US Economy: Weekly Commentary – July 1, 2024.
US Market Review
US bond yields rose amid persistent inflation; equities, led by small-caps, gained; dollar strong; oil prices were up; gold stable; Bitcoin declined.

US bond yields increased across the yield curve, with the two-year bond yield reaching 4.768% and the 10-year bond yield climbing to 4.402%. This rise coincided with ongoing inflationary pressures and sustained economic expansion.

Equity markets recorded weekly gains, driven by strong performances in small- and micro-cap stocks, which are currently trading at more attractive valuation multiples compared to large-caps. The "Magnificent 7" posted a 1.58% increase for the week, while Nike saw a significant decline of 22.59%.

Meanwhile, the US dollar maintained its strength against the euro, with the USD/EUR exchange rate holding steady at 0.9334. WTI crude oil prices rose by 1.08%, influenced by geopolitical tensions involving Israel and the Iran-backed Hezbollah militia, which overshadowed weak US gasoline demand. Gold prices remained relatively stable amid higher bond yields and a robust dollar. In the cryptocurrency markets, Bitcoin experienced a 5.41% loss for the week, contrasting with Solana's 2.76% increase.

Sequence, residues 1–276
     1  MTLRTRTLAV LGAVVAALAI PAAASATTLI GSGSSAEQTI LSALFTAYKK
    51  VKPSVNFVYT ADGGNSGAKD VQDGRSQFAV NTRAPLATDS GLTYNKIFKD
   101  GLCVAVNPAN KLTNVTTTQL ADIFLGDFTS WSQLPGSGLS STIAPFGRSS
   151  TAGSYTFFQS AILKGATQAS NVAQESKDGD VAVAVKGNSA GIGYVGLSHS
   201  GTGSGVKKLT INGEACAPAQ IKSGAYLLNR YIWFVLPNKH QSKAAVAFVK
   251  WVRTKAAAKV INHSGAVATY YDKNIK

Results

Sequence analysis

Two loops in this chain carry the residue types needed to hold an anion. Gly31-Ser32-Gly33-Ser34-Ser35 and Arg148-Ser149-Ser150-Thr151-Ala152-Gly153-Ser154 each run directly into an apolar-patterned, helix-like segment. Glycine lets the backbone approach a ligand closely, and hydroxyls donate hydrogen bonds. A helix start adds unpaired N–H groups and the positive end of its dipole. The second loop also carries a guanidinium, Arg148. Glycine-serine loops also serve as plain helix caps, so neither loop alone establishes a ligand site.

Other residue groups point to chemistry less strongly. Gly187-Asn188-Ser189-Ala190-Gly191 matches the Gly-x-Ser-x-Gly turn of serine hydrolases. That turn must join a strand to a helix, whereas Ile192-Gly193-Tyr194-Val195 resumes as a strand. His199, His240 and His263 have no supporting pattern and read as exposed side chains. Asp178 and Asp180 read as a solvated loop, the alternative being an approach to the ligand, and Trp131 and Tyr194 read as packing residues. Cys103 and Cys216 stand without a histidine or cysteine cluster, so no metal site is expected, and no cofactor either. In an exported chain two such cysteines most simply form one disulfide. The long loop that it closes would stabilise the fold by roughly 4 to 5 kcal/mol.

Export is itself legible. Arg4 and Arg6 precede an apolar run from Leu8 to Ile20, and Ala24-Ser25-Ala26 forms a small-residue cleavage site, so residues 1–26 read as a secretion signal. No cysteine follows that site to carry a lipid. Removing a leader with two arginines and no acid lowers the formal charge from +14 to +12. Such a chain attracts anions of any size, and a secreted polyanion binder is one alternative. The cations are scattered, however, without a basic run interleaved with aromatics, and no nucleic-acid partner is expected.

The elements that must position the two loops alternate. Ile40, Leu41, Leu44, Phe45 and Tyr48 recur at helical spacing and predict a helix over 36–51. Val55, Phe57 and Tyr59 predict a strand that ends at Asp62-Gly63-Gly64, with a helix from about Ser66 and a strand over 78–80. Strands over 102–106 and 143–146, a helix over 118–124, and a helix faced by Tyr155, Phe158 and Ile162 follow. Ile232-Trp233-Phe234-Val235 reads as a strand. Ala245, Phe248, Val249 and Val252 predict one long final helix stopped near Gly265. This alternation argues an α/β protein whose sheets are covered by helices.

US Market Views Synopsis
In Q1 2024, US GDP grew 1.4%, its slowest since early 2022. Personal consumption fell unexpectedly, while inflation rose to 3.1%, driven by housing costs. Despite calls for rate cuts, the Fed is unlikely to act until year-end amid economic uncertainties.

In Q1 2024, US GDP grew by 1.4%, marking its slowest expansion since early 2022. Personal consumption decreased unexpectedly, while fixed investment bolstered growth. Inflation rose to 3.1%, primarily driven by housing costs. Despite calls for rate cuts, the Federal Reserve is unlikely to act until year-end amid mixed economic signals. The housing market faces challenges with declining sales and high mortgage rates, dampening recovery hopes. Consumer sentiment held steady in June, tempered by concerns over high prices despite expected interest rate adjustments. Overall, economic growth continues, and inflation remains sticky, so we do not expect cuts until the end of the year.
The US GDP grew at 1.4% in Q1 2024, with concerns about consumption decline and inflation at 3.1%. The Fed is unlikely to lower interest rates until year-end.

The final GDP reading for the first quarter of 2024 indicated that the US economy expanded at an annualized rate of 1.4%. This figure is slightly higher than the 1.3% reported in the second estimate but represents the slowest growth since the contractions experienced in the first half of 2022.